I miss Shogi alot. :'(
Thursday, May 14, 2009
Honestly, I am in tears of happiness right now. For the past few days, I have been contacting Hidetchi regarding the conditions for international players to become a full-time (or full-fledge) professional Shogi player in Japan. Despite of my selfishness, he went through all the trouble of contacting a professional regarding it and manage to obtain few informations about it. Below are the conditions to apply for Shoreikai entrance exam:
Before 22 years old:
You can apply for 1-dan of Shoureikai.
Requirements to which are,
- Being the winner or the 2nd winner of a Japanese amateur's national tournament. (Foreigner's participating in these tournaments will require being the winner of an international tournament first)
- Recommendation by a professional player.
After 23 years old:
You can only apply for 3-dan of Shoureikai.
Requirements to which are,
- Being the winner of a Japanese amateur's national tournament in the very year of application.
- Recommendation by a professional player
I am going to apply for it after I've turned 23 years old. If I am successful, I will become a 3-dan of Shoreikai. Although it won't be a professional certificate, at least I can start working my way from 3-dan and achieve 4-dan professional in the following year. Although it is very tough just to get an application for the entrance exam, I am going to work hard to achieve that goal first! Nothing is going to scare and stop me from becoming professional player no matter how difficult the path is! With Hidetchi's help, now I can see a small glitter of hope in front of me to become a professional player. But, will I be able to achieve it? Am I going to be successful in achieving my dream of becoming a professional player? Am I going to regret becoming a professional player? I don't really know the answer and deep down in my heart I am a little scared but I am going to break through every wall that stands in my way and hope that the Shogi gods are watching over me.
"Respect the game, and the game respects you."
PS: A really great thanks to Hidetchi for taking the patience of replying my message and helping me. ARIGATOU GOZAIMASU!
Monday, May 11, 2009
Sunday, May 10, 2009
it seems that there are more and more 'Go players' trying to learn Shogi from me. Everytime I have a game with them, I would give them a handicapped of two lances, bishop and a rook.
It is a great honour to teach Hock Doong, who was one of the strong Go players in the club. My last game with him has been memorable and special, as he purposely neglected giving Go lectures to his students just to play a Shogi game with me. After playing so many handicapped games, I felt that it was this last game with him that I have learn alot more about Shogi's tactics and 'direction of play'.
Now that my gold won't be able to advance up the board to get into his territory, I managed to find a vulnerable spot in his territory that I might still be able to win the game - the 7b square. I drop my gold in the 7b square, hoping I could capture his silver. "Why would you trade off your gold for a silver?", you might asked. Since the only way for the silver to escape is 5a, I capture it with my gold and at the same time check the king. And if the king recaptures the gold on 5a, I can drop my silver in 3b, threatening to capture either a knight or a gold, or even the bishop in the future. Unfortunately he thought I would try to capture his bishop by moving Sx3a+ so he move away his bishop after I've dropped my silver, but to his surprised I was aiming to captured the gold on 4c, threatening to checkmate his king and kill the bishop at the same time. (main move lines: G'7b, S5a, G6a, P'8f, Px8f, Rx8f, P'8g, R8e, Gx6a, Kx6a, S'3b, B4d, Sx4c+)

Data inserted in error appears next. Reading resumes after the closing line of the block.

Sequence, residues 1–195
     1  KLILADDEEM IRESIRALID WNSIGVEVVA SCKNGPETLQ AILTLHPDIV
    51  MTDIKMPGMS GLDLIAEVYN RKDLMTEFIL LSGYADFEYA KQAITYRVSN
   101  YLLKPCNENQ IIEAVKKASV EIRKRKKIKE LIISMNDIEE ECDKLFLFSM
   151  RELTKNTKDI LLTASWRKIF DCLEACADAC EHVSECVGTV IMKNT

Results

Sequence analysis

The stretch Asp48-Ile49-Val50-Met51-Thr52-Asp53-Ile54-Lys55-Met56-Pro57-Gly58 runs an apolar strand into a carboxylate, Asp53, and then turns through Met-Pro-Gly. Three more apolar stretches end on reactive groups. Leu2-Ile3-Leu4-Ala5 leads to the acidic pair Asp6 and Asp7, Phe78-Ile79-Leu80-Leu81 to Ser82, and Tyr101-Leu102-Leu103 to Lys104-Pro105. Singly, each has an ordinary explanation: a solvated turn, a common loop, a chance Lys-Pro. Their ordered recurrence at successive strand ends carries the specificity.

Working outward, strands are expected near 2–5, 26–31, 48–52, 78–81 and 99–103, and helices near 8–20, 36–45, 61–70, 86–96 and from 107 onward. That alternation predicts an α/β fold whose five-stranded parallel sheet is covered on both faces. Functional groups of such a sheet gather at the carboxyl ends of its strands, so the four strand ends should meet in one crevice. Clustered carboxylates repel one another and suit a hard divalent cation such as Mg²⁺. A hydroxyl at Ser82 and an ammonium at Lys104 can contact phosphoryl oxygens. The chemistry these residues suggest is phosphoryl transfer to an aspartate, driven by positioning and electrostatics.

To his disappointment, I've won the game without him entering my base once.
Yesterday my best friend Chen Xinwen decided to challenge Alex in a game of Shogi. To my surprise, this is their last position of their last game.
Due to verbal information from Xinwen, Alex did not make any effort of mating Xinwen and only aim for entering king. However Xinwen resigned the game, which he shouldn't have since Alex has made 5 illegal moves in this game without the both of them noticing!
The pawns at the end of the board MUST be promoted since it is a forced promotion. Failed to do so is an illegal move. Also, he dropped two pawns at the same column twice! Alex would have been lost a long time ago...
Despite the 5 illegal moves made by Alex, I would like to honour this game as the "Great I-Go Escape", as this long game has been played by two strong Go players who both have made a rare double entering king.
Alex is really a great player that I have looked forward to play Shogi with. I remember that my second handicapped Shogi game with him has been a great horror to me - he immediately played a complete Anaguma, which I don't think I have a chance at all since I don't have a bishop, rook and lances to break his Anaguma! He is also the first player who managed to beat me in handicapped Shogi games twice in a row. However he tends to make an illegal double pawn drop in the game. If he can overcome this bad habit, I'm sure that he will be a greater player in Shogi.
I will be returning to Brunei this Friday for two months so I'm feeling a little sad that I couldn't play Shogi with them. Nevertheless I'm looking forward to play Shogi with them again two months later!
Monday, April 27, 2009
this is just a short summary about what I have done in Japan Club Kuala Lumpur on last Saturday.